Fields of Dreams: Understanding Meadows
Plantlife's #NationalMeadowsDay this year celebrates the value of our local biodiverse grasslands, including meadows.
To celebrate, James Donnelly, Ground Control, explores 'what is a meadow' and 'why they are important' - all contemplated on a morning walk through a local meadow.
Isn't a meadow 'just a field'?
To start, it is important to have a definition. Meadows are "large open areas, covered in grasses, herbs, and non-woody wildflowers". It's critical that the wildflowers are a country’s native flowering plants, as seen in the photos throughout this presentation, taken on a recent morning walk of mine.
Types of Meadows: Natural
Natural meadows are perpetual.
The world's natural meadows exist as a result of environmental pressures that prevent the growth of woody plant species. These pressures occur for a variety of reasons and include:
- Coastal meadows formed from high salt.
- Alpine meadows formed at high altitudes.
- Prairie meadows formed with low moisture and are dominated by big game animals.
- Wet meadows formed with high moisture.
- Desert meadows as a result of low rainfall and low nutrients.
They can also be influenced by the species of plants and fungi around them, which can help sustain meadows or transform them into a completely different type of ecosystem.
As an example, the UK’s Wild Orchid species make underground links with fungal networks, which steal nutrients from other plants. Additionally, Yellow Rattle is a wildflower that directly parasitises grass. In both cases, this causes the surrounding grasses to grow shorter, produce less shade, and allow other wildflowers to grow!
Types of Meadows: Man-Made
Man-made meadows come in several forms. In day-to-day life, we are most likely to interact with agricultural or urban meadows.
- Agricultural meadows are fields without livestock, where the grass is allowed to grow and be harvested as hay. This hay is used as animal feed, particularly in the winter when the grass doesn’t grow. Some farmers periodically release animals onto meadows rather than harvesting the hay as an economically efficient way to manage this space.
- Urban meadows, in place of traditional lawns, are an inexpensive management method and ultimately just provide a blank space for nature to thrive. Many individuals and corporations have chosen to create their own meadows as an alternative.
What about 'a bit of both'?
Transitional meadows are not permanent landscapes and occur when any “cleared” area, left unmanaged, enters a period of explosive growth.
Interestingly, the poppy is used to remember World War One because they were the first wildflower to flourish in the disturbed soils left behind.
Over time and through natural processes, taller and hardier plants take hold, and the flowers are replaced by scrub, brambles, and sparse woodland. The “Transitional Meadow” will eventually change into a different type of ecosystem, defined by the pressures around it, and is often created accidentally by human processes, wildfires, or natural disasters.
The act of deliberately burning or clearing forests to create grasslands to hunt game is a historical example of humans intentionally creating transitional meadows.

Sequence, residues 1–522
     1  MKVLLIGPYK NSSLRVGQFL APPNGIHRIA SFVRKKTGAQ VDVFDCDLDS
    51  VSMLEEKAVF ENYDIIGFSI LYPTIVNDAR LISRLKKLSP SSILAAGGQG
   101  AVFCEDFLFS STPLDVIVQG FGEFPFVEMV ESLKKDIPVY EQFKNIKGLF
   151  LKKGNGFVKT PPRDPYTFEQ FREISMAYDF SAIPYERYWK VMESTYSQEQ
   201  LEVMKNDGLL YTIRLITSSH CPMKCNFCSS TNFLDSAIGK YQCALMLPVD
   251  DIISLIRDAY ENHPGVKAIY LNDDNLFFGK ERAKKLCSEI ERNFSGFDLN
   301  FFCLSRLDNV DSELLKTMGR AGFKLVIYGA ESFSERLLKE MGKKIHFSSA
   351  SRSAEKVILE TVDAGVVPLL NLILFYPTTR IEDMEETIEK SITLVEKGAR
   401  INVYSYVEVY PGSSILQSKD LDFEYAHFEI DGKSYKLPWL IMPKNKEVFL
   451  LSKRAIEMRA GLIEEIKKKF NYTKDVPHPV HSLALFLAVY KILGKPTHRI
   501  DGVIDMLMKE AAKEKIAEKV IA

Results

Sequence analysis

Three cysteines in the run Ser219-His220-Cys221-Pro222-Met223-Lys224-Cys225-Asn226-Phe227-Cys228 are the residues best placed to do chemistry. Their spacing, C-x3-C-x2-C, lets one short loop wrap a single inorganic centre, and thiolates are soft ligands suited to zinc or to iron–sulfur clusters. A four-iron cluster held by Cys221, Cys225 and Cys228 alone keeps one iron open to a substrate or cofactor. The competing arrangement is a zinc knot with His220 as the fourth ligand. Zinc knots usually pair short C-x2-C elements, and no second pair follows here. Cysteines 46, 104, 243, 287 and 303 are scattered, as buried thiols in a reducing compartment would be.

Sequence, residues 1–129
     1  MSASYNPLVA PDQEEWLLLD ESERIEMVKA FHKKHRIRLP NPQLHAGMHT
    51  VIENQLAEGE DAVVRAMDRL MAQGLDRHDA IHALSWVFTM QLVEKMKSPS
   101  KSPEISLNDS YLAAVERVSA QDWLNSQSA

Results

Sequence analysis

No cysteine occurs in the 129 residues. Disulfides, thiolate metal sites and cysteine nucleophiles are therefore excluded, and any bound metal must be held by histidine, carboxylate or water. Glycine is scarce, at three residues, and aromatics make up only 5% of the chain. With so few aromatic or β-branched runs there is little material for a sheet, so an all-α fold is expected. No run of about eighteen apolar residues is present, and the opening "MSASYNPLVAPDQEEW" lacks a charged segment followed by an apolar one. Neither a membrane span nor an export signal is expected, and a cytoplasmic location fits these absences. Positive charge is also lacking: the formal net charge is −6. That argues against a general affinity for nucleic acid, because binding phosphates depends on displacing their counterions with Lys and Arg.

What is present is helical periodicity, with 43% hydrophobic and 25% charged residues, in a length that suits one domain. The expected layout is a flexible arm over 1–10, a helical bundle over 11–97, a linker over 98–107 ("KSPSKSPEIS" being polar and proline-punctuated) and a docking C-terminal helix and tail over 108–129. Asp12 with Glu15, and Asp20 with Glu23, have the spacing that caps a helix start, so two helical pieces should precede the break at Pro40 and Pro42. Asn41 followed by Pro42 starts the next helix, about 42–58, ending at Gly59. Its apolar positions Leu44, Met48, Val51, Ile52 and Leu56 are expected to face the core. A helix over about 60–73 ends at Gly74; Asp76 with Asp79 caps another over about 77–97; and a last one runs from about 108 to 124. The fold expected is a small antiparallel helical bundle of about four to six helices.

Why should we care about meadows?
Meadows are important for people, for businesses, and can be a low-cost maintenance solution that is better for nature.
- Cost: Meadows are cheaper to maintain than lawns, and generally require fewer days of disruption.
- Food: Pollinators rely on meadows, and 1/3rd of the world's food relies on pollinators.
- Stability: Meadows can often be found on flood plains, and help prevent the damage caused by heavy rainfall.
- Medicines: Many drugs we rely on were discovered in the plants found in meadows, such as foxgloves (for heart disease), poppies (morphine), and wormwood (for malaria).
Other advantages include tourism, honey production, and biodiversity improvements.
How do they help the planet?
Their importance to biodiversity cannot be understated, and in the UK we can see this in the natural beauty of nesting birds, food gathering of all kinds, pollinating insects, and even the sheltering of young deer, field mice, rabbits, and hares.
A single field might have 100 different wildflower species, and each species could be food, or building material for 100 different species of animal.
Grasslands develop dense root systems, which store carbon, and prevent damage from disasters, such as flooding and landslides.
What’s the problem?
The UK was once covered by Meadows, but 97% have disappeared.
25% of the UK's remaining meadows are in Worcestershire, which is my home county. The pictures were taken 5 minutes from my house.
Pollinator numbers have dropped by a third, with butterfly numbers down by 17% and moths by 25%.
The increased average global temperature, changing weather patterns, and in some areas of the world, reduced snow with earlier melting, are causing flowers to bloom at the “wrong” time of the year.
More extreme weather, sudden heat waves, prolonged flooding, and unexpected droughts can have serious long-term effects on the stability of these unique habitats.
And worst of all, is the direct human influence. Meadows are seen as empty spaces, with no use or purpose. As such, they are prime targets for new build housing, or other major developments.
What can we do?
- Changing the typical grass lawns, for lower maintenance wildflower areas. If this is too scary, try leaving sections of grass to “go wild” and encourage pollinators.
- Remember to mow only after flowers have bloomed.
- Remove the clippings, or place them in a separate area to create an alternative “high nutrient” habitat
- Avoid fertilizers. By keeping the fertility and nutrients of the meadow low, prevents large, energy-hungry species from taking hold, so avoid fertilizers.
And if all else fails, activities like No Mow May are a great place to start.